Lucinda Elliot


















I’m supposed to write about myself in the third person, but it comes across as so strange (if not pretentious) that I’m abandoning it.

I live and write in Mid Wales. I love writing Gothic, dystopias, historical and what might be termed ‘Steampunk’ but is set a bit earlier, so I’ll call it Late Georgian Just About Steampunk. I can’t resist putting a bit of comedy into my writing, however serious the subject. We need all the humour we can get in this world.

That Scoundrel Emile Dubois, Or The Light of Other Days’  is a darkly comic take on Gothic Paranormal Historical Romance

Ravensdale’ is a comic take on the late Georgian/Regency Romance ‘Disgraced Earl turns Highwayman’ theme

‘The Villainous Viscount Or The Curse Of The Venns’ is about just that; another over-the-top Gothic with plenty of comedy and hooded, spectral figures.

‘Aleks Sager’s Daemon’    is far darker a story than the others, and features a writer cursed by an obsession with is hero, Alexander Pushkin.

I’ve had various articles published, including some in ‘The F Word’.  Readers might like to explore my article on the ‘Troy’ film or

Or my article on Elizabeth Gaskell’s ‘Sylvia’s Lovers’

I can found (and contacted) on my author’s page on Goodreads.

loyal-reader-awardalways-here-if-you-need-me-big Liebster Blog Award!



28 thoughts on “Lucinda Elliot

    1. Hey, Tersia, thanks so much, that is so sweet of you, oh no! I nominiated you back in January, when Lauryn April nominated me, but you were hardly in a position to notice then! I’ve forgotten where I posted the news to you, thickhead that I am !

      I hope you are managing OK; you will, of course, be invaluable to the boys as their mum now, and I know that’ll keep you strong…

      Artwork done by my wonderful writing partner Jo Danilo – no thanks to me, I’m incompetent at IT.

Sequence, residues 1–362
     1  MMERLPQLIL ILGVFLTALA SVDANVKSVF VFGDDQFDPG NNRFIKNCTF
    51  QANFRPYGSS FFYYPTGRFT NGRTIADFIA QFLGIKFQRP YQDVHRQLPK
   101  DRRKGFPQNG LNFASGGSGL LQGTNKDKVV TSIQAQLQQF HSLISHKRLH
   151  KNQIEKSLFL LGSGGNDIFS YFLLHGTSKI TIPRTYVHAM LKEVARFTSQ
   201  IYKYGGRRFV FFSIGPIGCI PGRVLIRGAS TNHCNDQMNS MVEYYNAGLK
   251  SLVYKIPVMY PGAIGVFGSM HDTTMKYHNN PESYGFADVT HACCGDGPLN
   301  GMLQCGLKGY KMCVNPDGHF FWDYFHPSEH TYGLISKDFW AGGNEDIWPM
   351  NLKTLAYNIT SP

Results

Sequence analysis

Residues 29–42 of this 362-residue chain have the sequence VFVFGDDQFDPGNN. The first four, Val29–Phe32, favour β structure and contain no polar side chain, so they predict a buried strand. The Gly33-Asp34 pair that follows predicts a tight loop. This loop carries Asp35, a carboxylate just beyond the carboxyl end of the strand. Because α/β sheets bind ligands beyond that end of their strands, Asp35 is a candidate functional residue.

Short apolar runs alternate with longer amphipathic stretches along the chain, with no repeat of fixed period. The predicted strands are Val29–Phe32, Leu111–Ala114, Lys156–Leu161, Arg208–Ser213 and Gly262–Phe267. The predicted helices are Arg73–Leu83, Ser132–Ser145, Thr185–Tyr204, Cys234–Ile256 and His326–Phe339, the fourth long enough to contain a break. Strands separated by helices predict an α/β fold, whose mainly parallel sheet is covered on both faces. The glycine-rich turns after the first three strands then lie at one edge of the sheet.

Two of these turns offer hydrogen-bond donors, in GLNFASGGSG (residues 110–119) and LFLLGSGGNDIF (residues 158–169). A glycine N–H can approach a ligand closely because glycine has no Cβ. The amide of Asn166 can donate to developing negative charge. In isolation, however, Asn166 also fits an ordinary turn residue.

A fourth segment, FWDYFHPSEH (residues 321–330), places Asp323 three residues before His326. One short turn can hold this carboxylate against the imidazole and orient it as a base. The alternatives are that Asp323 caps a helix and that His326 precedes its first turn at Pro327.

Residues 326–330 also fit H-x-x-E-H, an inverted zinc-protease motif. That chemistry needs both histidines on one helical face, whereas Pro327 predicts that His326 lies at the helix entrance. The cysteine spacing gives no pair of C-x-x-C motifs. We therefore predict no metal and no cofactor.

However, I believe you can accept the Liebster Award twice – and so if you don’t mind I’ll defer it until my second book comes out – two thirds of the way through – ‘Aleks Sager’s Daemon’ and
      when i does then I’ll accept, if that’s OK with you.


      1. Hi Lucinda

        I vaguely remember an award but as you say – January is a month out of hell. Thank you for nominating me then! I will look for the award and accept. Accept at your own pace!

        Good luck with the book!

        It is very hard without Vic. I miss her so much. The boys are strong and we try and keep them busy. They are however amazing boys. Vic did a good job raising them.

        Thank you so much for your support and friendship. I truly appreciate it. Lots of love


  1. Ooh, thank you, Tersia. I didn’t consider that I did much, though I was happy that Vic used me as a telephone service to contact you. I hope that as time goes on life becomes more bearable for you. The boys are Vic’s stake in the future.

      1. You’re welcome, Lucinda. Time to be philosophical about reviews, I think. You can’t please everybody. Always remember what Brian S. Pratt says about his books being launched to success by a scathing review!

    1. It looks like my earlier comment was deleted somehow! Thank you so much, Tersia, I hope I have better luck downloading it than I did with that other lovely award from you.

  2. Just finished reading “That Scroundrel `Emile Dubois”. What is needed besides the notes is a Welsh pronunciation guide. I’m from across the pond and I’ve gotten the Irish and French down, but not the Welsh. Thanks

    1. Hello, Crystalyn, I’m so glad you read the book and I do hope you enjoyed the Gothic goings on. An intriguing suggestion. I puzzled about that aspect – Welsh isn’t an easy language to pronounce and I tended to assume the only readers who’d be interested in trying would be those in Wales – so it does credit to your intellectual curiosity you thought of it. For instance, to make the ‘ll’ sound – as in ‘Plas Cyfeillgar’, you have to put your tongue behind your top teeth and hiss. I’ll have to mull this over!
      I am a bit puzzled about your reference to Irish as I can’t speak it myself, but I’m glad the French was OK to follow in the context.
      Thanks for getting in touch with such thoughtful suggestions.

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